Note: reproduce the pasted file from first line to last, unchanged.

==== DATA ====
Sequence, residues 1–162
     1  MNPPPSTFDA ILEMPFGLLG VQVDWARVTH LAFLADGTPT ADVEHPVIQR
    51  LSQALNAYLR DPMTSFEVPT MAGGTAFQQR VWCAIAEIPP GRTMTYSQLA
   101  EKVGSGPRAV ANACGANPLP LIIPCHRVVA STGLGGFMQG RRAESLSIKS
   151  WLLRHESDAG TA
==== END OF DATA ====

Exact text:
Sequence, residues 1–162
     1  MNPPPSTFDA ILEMPFGLLG VQVDWARVTH LAFLADGTPT ADVEHPVIQR
    51  LSQALNAYLR DPMTSFEVPT MAGGTAFQQR VWCAIAEIPP GRTMTYSQLA
   101  EKVGSGPRAV ANACGANPLP LIIPCHRVVA STGLGGFMQG RRAESLSIKS
   151  WLLRHESDAG TA